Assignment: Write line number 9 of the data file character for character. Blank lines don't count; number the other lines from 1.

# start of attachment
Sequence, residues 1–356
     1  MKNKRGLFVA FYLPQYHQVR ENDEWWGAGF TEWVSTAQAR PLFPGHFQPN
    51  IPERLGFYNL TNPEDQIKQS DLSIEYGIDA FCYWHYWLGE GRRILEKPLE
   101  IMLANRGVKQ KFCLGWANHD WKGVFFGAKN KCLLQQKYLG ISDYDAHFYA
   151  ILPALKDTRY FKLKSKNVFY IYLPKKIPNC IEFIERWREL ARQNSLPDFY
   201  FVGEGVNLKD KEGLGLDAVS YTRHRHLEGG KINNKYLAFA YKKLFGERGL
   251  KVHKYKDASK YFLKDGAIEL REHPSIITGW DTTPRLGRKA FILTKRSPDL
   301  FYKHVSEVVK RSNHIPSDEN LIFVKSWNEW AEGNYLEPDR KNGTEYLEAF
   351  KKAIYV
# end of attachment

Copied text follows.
   351  KKAIYV